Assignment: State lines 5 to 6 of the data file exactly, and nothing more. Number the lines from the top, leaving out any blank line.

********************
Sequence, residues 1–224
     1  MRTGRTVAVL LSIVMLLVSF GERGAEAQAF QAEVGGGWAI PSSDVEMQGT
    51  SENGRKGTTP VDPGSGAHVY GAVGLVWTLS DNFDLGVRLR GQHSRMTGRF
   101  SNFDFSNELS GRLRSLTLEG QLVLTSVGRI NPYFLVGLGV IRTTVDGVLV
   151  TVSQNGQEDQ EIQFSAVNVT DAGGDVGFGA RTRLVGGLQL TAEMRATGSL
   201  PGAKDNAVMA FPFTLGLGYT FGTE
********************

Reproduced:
   151  TVSQNGQEDQ EIQFSAVNVT DAGGDVGFGA RTRLVGGLQL TAEMRATGSL
   201  PGAKDNAVMA FPFTLGLGYT FGTE